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A Drag-Induced Barotropic Instability in Air–Sea Interaction

Abstract : A new mechanism that induces barotropic instability in the ocean is discussed. It is due to the air–sea interaction with a quadratic drag law and horizontal viscous dissipation in the atmosphere. The authors show that the instability spreads to the atmosphere. The preferred spatial scale of the instability is that of the oceanic baroclinic Rossby radius of deformation. It can only be represented in numerical models, when the dynamics at this scale is resolved in the atmosphere and ocean. The dynamics are studied using two superposed shallow water layers: one for the ocean and one for the atmosphere. The interaction is due to the shear between the two layers. The shear applied to the ocean is calculated using the velocity difference between the ocean and the atmosphere and the quadratic drag law. In one-way interaction, the shear applied to the atmosphere neglects the ocean dynamics; it is calculated using the atmospheric wind only. In two-way interaction, it is opposite to the shear applied to the ocean. In one-way interaction, the atmospheric shear leads to a barotropic instability in the ocean. The instability in the ocean is amplified, in amplitude and scale, in two-way interaction and also triggers an instability in the atmosphere.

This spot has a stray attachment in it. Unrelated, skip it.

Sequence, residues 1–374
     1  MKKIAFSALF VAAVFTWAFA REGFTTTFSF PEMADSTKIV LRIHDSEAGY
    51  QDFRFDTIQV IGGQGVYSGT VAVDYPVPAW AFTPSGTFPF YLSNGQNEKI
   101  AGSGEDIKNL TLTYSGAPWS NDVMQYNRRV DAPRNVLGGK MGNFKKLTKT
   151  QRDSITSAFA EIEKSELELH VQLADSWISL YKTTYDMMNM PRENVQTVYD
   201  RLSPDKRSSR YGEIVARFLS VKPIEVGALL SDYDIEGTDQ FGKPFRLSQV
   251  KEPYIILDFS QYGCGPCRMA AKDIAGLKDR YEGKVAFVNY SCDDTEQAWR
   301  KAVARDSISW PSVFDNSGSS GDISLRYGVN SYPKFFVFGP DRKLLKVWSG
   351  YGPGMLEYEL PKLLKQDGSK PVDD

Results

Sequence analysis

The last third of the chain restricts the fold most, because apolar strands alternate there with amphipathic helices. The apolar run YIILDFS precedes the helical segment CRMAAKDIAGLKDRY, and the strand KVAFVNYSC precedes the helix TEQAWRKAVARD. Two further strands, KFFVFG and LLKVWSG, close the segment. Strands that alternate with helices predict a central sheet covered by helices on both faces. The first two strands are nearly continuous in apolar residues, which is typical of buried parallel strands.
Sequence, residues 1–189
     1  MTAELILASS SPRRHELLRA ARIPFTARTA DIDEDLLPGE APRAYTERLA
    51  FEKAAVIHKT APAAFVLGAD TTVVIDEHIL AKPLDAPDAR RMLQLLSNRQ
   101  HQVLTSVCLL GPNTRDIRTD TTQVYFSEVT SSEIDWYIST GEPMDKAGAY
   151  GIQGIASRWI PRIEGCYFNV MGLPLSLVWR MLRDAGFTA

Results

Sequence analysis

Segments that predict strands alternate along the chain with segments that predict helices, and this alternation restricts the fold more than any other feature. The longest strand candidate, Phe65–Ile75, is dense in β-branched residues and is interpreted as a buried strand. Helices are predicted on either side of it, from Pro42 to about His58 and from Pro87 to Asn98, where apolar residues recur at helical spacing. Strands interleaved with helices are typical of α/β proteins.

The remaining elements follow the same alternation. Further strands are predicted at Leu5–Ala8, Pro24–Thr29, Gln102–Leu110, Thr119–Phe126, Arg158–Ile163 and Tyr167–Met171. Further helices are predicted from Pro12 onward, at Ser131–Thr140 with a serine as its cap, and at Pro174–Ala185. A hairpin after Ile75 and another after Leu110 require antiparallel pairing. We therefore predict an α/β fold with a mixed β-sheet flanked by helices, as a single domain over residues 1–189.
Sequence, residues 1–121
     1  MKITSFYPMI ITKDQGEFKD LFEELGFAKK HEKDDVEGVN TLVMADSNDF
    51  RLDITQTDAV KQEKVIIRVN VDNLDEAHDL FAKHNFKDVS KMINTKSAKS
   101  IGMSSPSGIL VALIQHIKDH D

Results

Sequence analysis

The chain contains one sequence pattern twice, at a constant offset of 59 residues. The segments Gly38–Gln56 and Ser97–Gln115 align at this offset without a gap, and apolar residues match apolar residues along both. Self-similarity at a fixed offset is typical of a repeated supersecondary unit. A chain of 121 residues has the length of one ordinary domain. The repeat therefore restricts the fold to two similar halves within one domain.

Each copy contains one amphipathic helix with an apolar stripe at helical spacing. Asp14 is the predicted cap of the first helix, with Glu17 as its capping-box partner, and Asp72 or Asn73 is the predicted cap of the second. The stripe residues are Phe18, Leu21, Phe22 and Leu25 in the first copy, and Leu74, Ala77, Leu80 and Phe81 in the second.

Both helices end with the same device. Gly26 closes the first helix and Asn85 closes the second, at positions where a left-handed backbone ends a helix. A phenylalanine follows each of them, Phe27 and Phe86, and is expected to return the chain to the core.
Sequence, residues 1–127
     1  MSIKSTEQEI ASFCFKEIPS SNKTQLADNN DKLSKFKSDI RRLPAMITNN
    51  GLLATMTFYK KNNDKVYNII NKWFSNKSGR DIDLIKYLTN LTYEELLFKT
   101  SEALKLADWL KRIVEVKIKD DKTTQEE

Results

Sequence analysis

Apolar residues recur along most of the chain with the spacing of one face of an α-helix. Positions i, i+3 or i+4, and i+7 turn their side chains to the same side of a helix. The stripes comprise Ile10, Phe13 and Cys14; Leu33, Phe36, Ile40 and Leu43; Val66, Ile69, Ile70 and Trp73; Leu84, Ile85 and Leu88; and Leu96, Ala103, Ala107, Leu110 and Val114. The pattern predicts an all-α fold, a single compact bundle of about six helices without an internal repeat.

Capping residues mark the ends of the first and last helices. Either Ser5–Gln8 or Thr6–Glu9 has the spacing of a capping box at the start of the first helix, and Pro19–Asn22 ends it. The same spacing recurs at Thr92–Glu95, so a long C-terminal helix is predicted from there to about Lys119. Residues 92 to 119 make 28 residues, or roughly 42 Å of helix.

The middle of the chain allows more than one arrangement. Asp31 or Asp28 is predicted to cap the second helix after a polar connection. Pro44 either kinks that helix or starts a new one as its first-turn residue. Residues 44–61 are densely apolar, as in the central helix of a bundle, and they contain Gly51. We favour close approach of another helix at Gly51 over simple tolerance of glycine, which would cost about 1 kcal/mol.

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Contributor : Achim Wirth Connect in order to contact the contributor
Submitted on : Wednesday, September 16, 2015 - 2:38:05 PM
Last modification on : Wednesday, October 20, 2021 - 12:58:14 AM

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Aimie Moulin, Achim Wirth. A Drag-Induced Barotropic Instability in Air–Sea Interaction . Journal of Physical Oceanography, 2013, 44, pp.733-741. ⟨10.1175/JPO-D-13-097.1⟩. ⟨hal-01199934⟩



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